Preliminary Project Plan for replacement of Oak Tree Road Bridge on Edison/South Plainfield border unveiled

A bridge slated for replacement in Edison along a stretch of Oak Tree Road that connects the township with South Plainfield is the focus of a New Jersey Department of Transportation (NJDOT) virtual information session.

The session, formally known as a Public Information Center (PIC), is being conducted online today through April 1 at

The PIC affords all members of the public – including local residents, business owners, and government officials – an opportunity to pose questions and learn about a preliminary engineering plan for the bridge replacement.

Analysis of the bridge stems from a budget resolution request Senator Patrick J. Diegnan Jr. and Assemblyman Robert Karabinchak made during a previous legislative session.

The request led to the appropriation of $350,000 from the Transportation Trust Fund to study and design a widening of the Oak Tree Road Bridge, which current NJDOT Bridge Inspection Report Ratings indicate is “structurally deficient” and “functionally obsolete.”

Structurally deficient does not indicate the bridge is unsafe for travel, according to NJDOT, but does indicate increased maintenance is required to keep the bridge in a state of good repair.

“Building a new bridge that complies with current design standards and eliminates any inadequacies would improve the overall safety for drivers and pedestrians, which is paramount,” Diegnan and Karabinchak said in a joint statement.

The bridge runs east to west and carries Oak Tree Road over the Conrail Lehigh Valley railroad line. The bridge is located a short distance from the Oak Tree Road and Woodland Avenue intersection near the South Plainfield border.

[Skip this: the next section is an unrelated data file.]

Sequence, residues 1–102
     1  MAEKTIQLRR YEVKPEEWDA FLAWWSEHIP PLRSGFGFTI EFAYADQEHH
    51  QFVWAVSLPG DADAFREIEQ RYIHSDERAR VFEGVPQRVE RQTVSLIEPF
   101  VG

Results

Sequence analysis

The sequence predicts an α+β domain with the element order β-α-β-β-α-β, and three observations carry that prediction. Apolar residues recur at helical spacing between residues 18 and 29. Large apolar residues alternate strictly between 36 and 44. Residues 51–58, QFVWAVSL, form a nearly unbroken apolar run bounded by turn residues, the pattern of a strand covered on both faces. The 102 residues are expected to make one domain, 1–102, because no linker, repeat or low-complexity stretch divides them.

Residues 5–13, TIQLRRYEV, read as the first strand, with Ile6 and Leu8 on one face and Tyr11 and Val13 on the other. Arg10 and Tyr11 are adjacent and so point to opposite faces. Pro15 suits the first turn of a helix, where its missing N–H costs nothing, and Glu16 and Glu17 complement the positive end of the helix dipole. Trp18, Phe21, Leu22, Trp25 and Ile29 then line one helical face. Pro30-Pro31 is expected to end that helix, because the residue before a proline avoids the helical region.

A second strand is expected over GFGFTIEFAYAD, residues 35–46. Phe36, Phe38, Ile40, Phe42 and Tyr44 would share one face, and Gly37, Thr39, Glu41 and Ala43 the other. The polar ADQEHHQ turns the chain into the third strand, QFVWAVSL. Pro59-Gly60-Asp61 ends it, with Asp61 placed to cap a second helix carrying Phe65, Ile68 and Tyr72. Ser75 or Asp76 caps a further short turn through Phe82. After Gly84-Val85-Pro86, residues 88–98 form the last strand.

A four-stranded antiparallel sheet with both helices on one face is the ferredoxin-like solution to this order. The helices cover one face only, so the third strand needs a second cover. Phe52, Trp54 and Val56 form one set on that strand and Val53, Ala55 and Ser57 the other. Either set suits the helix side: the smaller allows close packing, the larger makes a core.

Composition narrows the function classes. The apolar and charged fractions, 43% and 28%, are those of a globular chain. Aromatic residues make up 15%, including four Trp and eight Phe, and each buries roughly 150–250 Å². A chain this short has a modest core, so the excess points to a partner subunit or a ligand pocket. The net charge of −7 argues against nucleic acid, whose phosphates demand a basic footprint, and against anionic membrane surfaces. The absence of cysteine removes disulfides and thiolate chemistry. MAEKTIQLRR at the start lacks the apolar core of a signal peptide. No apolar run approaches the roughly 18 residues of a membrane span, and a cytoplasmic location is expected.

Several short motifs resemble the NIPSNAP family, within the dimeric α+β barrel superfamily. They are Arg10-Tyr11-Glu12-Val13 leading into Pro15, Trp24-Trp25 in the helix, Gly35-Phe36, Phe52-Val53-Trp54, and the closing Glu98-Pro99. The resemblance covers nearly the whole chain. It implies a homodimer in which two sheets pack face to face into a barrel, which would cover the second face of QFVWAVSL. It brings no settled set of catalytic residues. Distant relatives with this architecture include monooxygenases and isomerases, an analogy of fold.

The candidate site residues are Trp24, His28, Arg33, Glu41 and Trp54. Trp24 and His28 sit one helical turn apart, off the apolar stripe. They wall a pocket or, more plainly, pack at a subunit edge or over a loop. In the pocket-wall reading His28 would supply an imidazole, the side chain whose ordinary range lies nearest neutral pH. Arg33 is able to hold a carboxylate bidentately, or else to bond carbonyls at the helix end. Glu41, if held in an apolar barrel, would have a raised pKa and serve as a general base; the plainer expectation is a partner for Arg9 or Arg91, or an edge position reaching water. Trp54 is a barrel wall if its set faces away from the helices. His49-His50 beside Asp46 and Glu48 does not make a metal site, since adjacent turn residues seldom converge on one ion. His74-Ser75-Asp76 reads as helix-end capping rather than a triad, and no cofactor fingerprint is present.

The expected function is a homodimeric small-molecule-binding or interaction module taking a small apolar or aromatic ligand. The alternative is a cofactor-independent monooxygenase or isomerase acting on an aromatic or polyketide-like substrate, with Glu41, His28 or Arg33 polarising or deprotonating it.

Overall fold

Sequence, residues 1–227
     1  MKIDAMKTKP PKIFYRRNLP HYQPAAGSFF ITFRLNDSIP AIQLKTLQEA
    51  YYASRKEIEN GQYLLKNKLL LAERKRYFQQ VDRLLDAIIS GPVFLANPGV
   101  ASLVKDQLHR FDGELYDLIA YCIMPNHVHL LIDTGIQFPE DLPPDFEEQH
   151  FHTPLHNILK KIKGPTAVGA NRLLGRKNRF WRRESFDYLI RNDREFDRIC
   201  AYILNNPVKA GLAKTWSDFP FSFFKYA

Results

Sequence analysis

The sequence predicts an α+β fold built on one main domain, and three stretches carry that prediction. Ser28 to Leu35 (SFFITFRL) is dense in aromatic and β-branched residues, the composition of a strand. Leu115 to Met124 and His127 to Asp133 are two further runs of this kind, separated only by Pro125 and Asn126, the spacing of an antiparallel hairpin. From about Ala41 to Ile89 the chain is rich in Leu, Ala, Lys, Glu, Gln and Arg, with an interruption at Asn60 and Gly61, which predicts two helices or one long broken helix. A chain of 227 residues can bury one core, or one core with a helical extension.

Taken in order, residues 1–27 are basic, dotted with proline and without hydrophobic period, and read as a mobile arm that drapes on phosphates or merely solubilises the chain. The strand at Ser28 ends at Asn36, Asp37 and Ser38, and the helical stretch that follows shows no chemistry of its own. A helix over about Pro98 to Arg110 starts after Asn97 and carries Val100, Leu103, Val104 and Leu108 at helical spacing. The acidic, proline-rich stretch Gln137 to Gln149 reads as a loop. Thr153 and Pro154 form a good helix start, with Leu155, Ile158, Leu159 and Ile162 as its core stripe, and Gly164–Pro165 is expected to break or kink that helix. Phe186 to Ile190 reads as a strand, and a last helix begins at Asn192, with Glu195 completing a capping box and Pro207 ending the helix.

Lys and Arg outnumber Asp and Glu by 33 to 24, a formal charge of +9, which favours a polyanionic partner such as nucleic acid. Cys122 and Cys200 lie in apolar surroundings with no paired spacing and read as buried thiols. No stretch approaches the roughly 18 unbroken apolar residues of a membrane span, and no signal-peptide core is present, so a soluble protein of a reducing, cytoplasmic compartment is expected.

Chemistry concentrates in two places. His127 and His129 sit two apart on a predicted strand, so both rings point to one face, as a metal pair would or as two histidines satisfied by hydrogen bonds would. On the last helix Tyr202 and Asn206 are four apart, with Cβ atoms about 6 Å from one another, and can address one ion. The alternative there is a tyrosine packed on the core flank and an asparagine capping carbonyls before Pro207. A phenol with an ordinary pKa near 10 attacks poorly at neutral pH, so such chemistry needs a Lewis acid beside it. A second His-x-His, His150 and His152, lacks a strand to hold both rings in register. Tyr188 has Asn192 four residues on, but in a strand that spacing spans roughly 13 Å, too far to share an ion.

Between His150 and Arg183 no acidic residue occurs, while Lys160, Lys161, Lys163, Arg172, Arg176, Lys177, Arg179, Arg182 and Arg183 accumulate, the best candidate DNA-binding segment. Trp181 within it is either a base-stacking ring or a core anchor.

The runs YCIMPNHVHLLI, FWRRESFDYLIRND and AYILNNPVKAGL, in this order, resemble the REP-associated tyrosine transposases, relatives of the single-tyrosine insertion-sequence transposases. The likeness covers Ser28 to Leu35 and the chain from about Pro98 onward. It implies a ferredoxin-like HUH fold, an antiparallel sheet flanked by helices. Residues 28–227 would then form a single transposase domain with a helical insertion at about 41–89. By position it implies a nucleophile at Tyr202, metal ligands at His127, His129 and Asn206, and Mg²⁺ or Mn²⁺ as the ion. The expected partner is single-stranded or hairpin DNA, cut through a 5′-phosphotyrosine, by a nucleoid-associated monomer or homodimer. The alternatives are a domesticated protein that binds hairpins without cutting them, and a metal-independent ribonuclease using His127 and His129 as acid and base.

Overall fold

Local and regional commuters depend on this important bridge connection.

Businesses are near the project corridor. The greater surrounding area includes shopping centers, the Oak Tree Volunteer Fire Company stationhouse, the North Edison Baseball and Softball complex, St. Thomas Aquinas High School, and residences.

The roadway in the project area running east to west is what is considered an Urban Minor Arterial with one travel lane in each direction and no shoulders.

The average daily two-way traffic count along the 35-mile-per-hour roadway is approximately 23,000 vehicles. The roadway is under Middlesex County’s jurisdiction.

The main bridge span, according to NJDOT, is fracture critical due to the structure type and requires replacement.

The installation of ADA-compliant curb ramps and crosswalks at an intersection neighboring the bridge to provide full access for all pedestrians is being considered.

Safety features such as the guide rail, connections and parapets are outdated and require replacement.

NJDOT reports a substandard 5-foot wide sidewalk in the eastbound direction and the absence of a sidewalk in the westbound direction.


Additional substandard items of that section of Oak Tree Road include substandard stopping sight distance for the vertical sag curves on either side of the bridge, indicating the roadway grades through the bridge area are too steep for comfortable sight distance, according to NJDOT.

NJDOT reports existing substandard stopping sight distance at the non-signalized intersection of Oak Tree Road with Harding Avenue located directly east of the bridge. Vehicles departing Harding Avenue currently do not have the required view to detect vehicles travelling over the Oak Tree Road Bridge as they enter onto Oak Tree Road, according to NJDOT.

The proposed design eliminates all deficiencies and substandard or undesirable items. The new bridge cross section would meet requirements for lane, shoulder, and sidewalk widths.

NJDOT considers transportation needs, environment, community concerns and costs in developing its improvement plans.

A final design phase for the three-span bridge, originally constructed in 1931, will commence this fall.

The construction phase of the project, if approved, would not commence until Spring 2028.

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